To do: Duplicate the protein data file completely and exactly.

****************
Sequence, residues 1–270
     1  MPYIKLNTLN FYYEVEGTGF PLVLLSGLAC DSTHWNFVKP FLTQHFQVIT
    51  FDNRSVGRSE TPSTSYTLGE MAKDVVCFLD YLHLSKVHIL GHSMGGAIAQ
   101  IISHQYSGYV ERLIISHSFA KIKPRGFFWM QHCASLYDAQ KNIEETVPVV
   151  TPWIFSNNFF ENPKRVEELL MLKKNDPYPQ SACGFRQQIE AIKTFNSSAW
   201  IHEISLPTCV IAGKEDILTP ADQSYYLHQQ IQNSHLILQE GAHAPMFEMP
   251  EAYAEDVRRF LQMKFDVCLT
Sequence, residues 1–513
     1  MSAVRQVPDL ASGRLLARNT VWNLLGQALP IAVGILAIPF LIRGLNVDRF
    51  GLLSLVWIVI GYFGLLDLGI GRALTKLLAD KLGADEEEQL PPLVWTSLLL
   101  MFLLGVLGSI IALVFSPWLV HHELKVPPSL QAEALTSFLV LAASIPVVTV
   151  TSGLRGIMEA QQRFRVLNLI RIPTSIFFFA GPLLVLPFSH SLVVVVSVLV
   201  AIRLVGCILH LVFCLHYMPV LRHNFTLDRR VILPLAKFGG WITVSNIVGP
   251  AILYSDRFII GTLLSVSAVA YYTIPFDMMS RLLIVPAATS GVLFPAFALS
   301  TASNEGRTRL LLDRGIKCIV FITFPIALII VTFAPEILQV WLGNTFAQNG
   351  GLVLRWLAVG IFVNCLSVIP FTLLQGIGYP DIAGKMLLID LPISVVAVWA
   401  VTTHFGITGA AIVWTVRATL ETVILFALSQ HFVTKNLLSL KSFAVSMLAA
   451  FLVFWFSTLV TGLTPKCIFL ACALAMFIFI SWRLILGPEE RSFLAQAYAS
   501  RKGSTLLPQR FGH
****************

Sequence, residues 1–270
     1  MPYIKLNTLN FYYEVEGTGF PLVLLSGLAC DSTHWNFVKP FLTQHFQVIT
    51  FDNRSVGRSE TPSTSYTLGE MAKDVVCFLD YLHLSKVHIL GHSMGGAIAQ
   101  IISHQYSGYV ERLIISHSFA KIKPRGFFWM QHCASLYDAQ KNIEETVPVV
   151  TPWIFSNNFF ENPKRVEELL MLKKNDPYPQ SACGFRQQIE AIKTFNSSAW
   201  IHEISLPTCV IAGKEDILTP ADQSYYLHQQ IQNSHLILQE GAHAPMFEMP
   251  EAYAEDVRRF LQMKFDVCLT
Sequence, residues 1–513
     1  MSAVRQVPDL ASGRLLARNT VWNLLGQALP IAVGILAIPF LIRGLNVDRF
    51  GLLSLVWIVI GYFGLLDLGI GRALTKLLAD KLGADEEEQL PPLVWTSLLL
   101  MFLLGVLGSI IALVFSPWLV HHELKVPPSL QAEALTSFLV LAASIPVVTV
   151  TSGLRGIMEA QQRFRVLNLI RIPTSIFFFA GPLLVLPFSH SLVVVVSVLV
   201  AIRLVGCILH LVFCLHYMPV LRHNFTLDRR VILPLAKFGG WITVSNIVGP
   251  AILYSDRFII GTLLSVSAVA YYTIPFDMMS RLLIVPAATS GVLFPAFALS
   301  TASNEGRTRL LLDRGIKCIV FITFPIALII VTFAPEILQV WLGNTFAQNG
   351  GLVLRWLAVG IFVNCLSVIP FTLLQGIGYP DIAGKMLLID LPISVVAVWA
   401  VTTHFGITGA AIVWTVRATL ETVILFALSQ HFVTKNLLSL KSFAVSMLAA
   451  FLVFWFSTLV TGLTPKCIFL ACALAMFIFI SWRLILGPEE RSFLAQAYAS
   501  RKGSTLLPQR FGH